SPOKANE, Wash. (AP) California coach Cuonzo Martin said Thursday he's focused on the NCAA Tournament and he did not want to address a school review of how he handled allegations that led to the dismissal of assistant coach Yann Hufnagel.
Martin spoke ahead of California's NCAA Tournament opener against Hawaii on Friday where the Golden Bears are a No. 4 seed, their highest seeding in school history.
The university announced Wednesday that it was reviewing whether Martin properly handled sexual harassment allegations made by a female reporter against Hufnagel. Athletic director Mike Williams said the review is ''to dispel any doubts'' about Martin's role. Martin said he didn't ''want to deal with that right now'' on the cusp of the Golden Bears' opening game.
''That's a university issue and the most important thing for me is our basketball team playing the NCAA Tournament,'' Martin said. ''We'll deal with that at the appropriate time.''
Supervisors and managers are required to promptly forward any sexual misconduct complaints, and those who fail to do so may face discipline, campus policy says. That includes head coaches, Cal spokesman Dan Mogulof said Wednesday.
A report shows the university launched an inquiry into Hufnagel in early July after the female journalist sent Martin a long email describing in graphic detail the unwelcome advances she received from his assistant.
The journalist wrote the email six weeks after she first told Martin by phone about her concern Hufnagel was sexually harassing her. Her name and news organization were redacted from the report released Tuesday.
Martin said he wasn't concerned about any fallout of the review or whether his status as Cal's coach may come into question.
''I don't worry about those things to be totally honest with you. ... My job is this basketball team winning ball games, graduating young men, developing young men and anything else is a waste of time,'' Martin said.
Hufnagel, 33, is at least the fourth campus employee in the last year to face sexual harassment allegations that were substantiated during campus investigations. He said in a Tweet Wednesday that he has hired an attorney to fight Cal's decision to fire him.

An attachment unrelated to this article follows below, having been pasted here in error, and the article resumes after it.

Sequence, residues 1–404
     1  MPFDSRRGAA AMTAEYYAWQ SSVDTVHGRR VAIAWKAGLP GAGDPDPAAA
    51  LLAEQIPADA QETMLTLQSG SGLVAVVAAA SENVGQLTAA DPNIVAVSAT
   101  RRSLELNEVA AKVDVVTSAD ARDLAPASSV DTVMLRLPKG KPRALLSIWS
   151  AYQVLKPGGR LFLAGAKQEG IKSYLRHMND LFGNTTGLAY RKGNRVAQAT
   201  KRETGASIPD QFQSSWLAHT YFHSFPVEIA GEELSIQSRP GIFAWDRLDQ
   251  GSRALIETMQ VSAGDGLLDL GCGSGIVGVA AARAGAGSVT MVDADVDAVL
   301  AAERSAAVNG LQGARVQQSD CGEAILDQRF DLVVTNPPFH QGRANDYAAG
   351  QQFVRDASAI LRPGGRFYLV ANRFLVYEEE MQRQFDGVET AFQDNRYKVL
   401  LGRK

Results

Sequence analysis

In the Hufnagel case, the woman told investigators that Martin was livid when she initially voiced her concerns by phone in late May, telling her, ''I take this very seriously,'' and that he planned to speak with Hufnagel right away. Martin also told her to get back in touch with him in a few days, but they never connected, she said.
Instead, the journalist said she heard from Hufnagel via a Twitter message that read, ''I need to call you. What is your phone number?'' When she told Martin about the contact, she said Martin told her it was her choice whether or not to respond.
The redacted report does not make clear how Martin responded to the woman's follow-up email in July. But two days after she sent it, an associate athletic director contacted the university office that investigates sexual harassment.
Martin's name was not in the report, but the context made it clear that he was interviewed as a witness. He told campus investigators he did not get a sense from his initial phone conversation with the journalist that she felt she had been mistreated and ''denied that she provided any details or described anything as constituting sexual harassment.''
The woman also did not object when Martin said he would tell Hufnagel to call her, the head coach said.
The campus' Office for the Prevention of Harassment and Discrimination will be looking at the actions of other employees besides Martin during the review into the handling of the Hufnagel allegations, the university spokesman said.
Associated Press Writer Lisa Leff contributed to this report.